S Corp

Does an S Corp Get a 1099?

Updated On Oct 7, 2020

Every year S Corp owners selling services are asked the same question by their clients: “where can I send your 1099”? Whether you contract with an S Corp or are an owner of one yourself, this article is for you.

S Corps are not required to get a form 1099-MISC or 1099-NEC from their clients. Similarly, businesses that contract with S Corps do not need to issue them a Form 1099-MISC. Businesses taxed as S Corps report their employee earnings directly to the IRS and so do not require this form.

However, you are required to report payments to sole proprietors and partnerships. The 1099-MISC is used to report these non-employee payments made throughout the year to independent contractors. This is how the IRS knows how much tax to expect from the self-employed.

If you work with self-employed, U.S. based, freelancers it is your responsibility to issue this form. This is true as long as you paid them more than $600 within a year. The payer of the services is the one that fills out the 1099-MISC form. We'll walk you through everything about the 1099-MISC including to whom it is submitted, when it's due, and any penalties you're liable for in case of failure to submit your returns on time.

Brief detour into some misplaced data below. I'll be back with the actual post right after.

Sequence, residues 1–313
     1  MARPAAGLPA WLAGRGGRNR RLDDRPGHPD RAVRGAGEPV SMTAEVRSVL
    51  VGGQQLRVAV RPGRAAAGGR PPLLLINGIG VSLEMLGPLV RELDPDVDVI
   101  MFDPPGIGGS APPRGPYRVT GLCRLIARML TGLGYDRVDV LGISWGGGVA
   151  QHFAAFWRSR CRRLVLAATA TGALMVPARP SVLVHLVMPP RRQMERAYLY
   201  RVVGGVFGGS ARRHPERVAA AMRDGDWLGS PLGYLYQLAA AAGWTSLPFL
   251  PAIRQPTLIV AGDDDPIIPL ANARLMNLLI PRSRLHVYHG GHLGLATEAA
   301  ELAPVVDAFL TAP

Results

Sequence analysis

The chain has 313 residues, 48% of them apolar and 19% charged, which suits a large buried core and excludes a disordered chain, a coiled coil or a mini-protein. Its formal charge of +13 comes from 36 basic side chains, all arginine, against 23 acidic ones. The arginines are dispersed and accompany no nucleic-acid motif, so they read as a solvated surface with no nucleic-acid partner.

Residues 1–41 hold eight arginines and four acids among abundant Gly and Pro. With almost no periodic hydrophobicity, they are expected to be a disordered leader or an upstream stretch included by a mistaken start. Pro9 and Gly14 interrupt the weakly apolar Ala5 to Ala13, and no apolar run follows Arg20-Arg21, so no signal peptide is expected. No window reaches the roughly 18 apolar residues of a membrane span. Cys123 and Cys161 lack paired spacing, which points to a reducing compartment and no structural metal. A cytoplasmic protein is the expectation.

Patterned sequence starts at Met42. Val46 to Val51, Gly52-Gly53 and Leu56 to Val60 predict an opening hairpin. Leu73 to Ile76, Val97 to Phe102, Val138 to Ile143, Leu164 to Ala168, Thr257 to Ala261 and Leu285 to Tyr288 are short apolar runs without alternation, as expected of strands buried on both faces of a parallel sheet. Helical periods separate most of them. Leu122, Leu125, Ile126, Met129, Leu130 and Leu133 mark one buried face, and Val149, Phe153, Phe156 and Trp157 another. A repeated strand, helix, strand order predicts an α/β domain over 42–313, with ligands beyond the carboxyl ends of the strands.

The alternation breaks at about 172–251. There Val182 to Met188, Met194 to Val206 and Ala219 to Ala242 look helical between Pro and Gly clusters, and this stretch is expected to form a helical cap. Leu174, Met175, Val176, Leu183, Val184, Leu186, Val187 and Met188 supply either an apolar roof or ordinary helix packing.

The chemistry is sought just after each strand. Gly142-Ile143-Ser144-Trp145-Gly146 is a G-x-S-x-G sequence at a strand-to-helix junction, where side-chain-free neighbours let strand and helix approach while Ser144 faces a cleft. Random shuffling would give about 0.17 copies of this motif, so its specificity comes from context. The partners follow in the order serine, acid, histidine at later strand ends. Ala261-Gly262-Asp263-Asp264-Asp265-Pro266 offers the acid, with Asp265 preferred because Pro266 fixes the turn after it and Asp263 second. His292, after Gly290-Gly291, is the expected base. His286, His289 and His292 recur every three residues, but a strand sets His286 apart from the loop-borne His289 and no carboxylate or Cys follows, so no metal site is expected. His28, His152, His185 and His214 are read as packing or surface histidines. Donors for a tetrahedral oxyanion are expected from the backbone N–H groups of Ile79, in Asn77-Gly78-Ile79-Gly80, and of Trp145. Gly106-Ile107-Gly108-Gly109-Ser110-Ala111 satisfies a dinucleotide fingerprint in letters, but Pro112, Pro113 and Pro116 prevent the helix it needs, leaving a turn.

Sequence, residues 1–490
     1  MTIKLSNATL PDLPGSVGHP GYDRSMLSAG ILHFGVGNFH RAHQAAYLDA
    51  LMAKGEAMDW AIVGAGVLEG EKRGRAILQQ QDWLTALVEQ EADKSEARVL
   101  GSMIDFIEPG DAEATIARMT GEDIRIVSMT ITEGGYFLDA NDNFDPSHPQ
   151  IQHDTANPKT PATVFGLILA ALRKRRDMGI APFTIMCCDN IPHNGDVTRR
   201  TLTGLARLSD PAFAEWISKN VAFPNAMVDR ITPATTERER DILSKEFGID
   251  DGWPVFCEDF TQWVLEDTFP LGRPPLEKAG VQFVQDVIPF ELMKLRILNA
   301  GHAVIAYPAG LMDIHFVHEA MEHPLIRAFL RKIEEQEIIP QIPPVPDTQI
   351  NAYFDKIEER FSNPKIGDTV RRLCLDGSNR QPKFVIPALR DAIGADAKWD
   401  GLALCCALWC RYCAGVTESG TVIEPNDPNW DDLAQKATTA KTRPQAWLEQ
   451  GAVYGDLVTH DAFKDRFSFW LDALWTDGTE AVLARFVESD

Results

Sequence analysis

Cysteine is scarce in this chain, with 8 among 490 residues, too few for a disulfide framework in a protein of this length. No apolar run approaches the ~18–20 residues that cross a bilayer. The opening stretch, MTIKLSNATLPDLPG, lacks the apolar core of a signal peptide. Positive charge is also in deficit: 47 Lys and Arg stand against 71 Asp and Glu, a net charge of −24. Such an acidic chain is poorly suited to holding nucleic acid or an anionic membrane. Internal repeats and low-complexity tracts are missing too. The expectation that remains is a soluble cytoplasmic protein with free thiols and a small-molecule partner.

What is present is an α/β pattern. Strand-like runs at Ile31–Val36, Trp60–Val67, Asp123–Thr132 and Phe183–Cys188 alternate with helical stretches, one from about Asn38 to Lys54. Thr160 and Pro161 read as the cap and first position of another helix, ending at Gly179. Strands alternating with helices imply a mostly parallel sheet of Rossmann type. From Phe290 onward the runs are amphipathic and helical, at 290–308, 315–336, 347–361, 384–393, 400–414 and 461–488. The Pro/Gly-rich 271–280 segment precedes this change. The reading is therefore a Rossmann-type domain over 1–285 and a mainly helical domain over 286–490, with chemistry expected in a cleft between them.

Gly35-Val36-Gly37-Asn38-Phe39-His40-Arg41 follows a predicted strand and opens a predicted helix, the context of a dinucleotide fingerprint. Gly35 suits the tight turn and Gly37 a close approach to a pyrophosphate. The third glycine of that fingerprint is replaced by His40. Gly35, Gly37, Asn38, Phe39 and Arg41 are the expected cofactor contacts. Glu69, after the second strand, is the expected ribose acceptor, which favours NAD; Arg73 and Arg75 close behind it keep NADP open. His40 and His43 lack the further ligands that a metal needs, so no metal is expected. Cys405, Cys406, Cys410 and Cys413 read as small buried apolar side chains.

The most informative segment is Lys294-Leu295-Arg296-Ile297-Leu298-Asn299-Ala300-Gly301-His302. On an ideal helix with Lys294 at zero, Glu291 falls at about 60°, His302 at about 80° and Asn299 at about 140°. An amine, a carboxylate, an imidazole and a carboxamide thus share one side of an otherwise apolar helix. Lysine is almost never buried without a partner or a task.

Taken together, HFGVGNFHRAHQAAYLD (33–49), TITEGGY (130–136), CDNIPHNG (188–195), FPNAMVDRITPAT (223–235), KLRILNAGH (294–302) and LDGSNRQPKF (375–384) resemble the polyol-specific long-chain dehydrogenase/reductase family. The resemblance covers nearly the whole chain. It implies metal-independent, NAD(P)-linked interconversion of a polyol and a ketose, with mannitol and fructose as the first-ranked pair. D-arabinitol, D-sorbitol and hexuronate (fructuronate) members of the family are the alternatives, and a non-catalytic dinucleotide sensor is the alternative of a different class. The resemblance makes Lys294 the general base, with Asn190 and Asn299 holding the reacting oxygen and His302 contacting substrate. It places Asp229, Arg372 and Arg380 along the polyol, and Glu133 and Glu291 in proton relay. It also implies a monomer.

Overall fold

Flow Chart of when to Send a 1099 MISC or NEC

Do You Have to Send 1099-MISC to an S Corporation?

No, corporations (S Corps and C Corps) are exempted from requiring a 1099-MISC, therefore, you do not normally have to send this form to any corporations including an S Corporations. IRS uses form 1099–MISC and 1099-NEC to track payments made to self-employed independent contractors. The IRS, through this, can figure out how much taxes will be paid by those self-employed individuals or partnerships.

Contractors doing business as a Limited Liability Company (LLC) should have a Form W-9 to show whether their LLC is taxed as a Sole Proprietorship, C Corp, S Corp, or Partnership. If you see it's taxed as an S Corp or C Corp, it does not need to receive a 1099-MISC or 1099-NEC.

For LLCs taxed as either sole proprietors or partnerships, you'll need to receive a 1099-MISC from your clients. This is only required if you performed over $600 worth of work for your client throughout the year. For those hiring these LLC's be sure to request a W-9 first thing to avoid detective work the following year!

To summarize when to issue a 1099-MISC:

  • Paid less than $600 - no
  • Purchased goods or merchandise - no
  • Sole proprietor, unincorporated - yes
  • Partnership, unincorporated - yes
  • Sole proprietor, LLC - yes
  • Partnership, LLC - yes
  • C Corporations - no
  • S Corporations - no

There are some exceptions to the above when you must send a 1099-MISC:

  • Attorney’s fees (or any proceeds) over $600.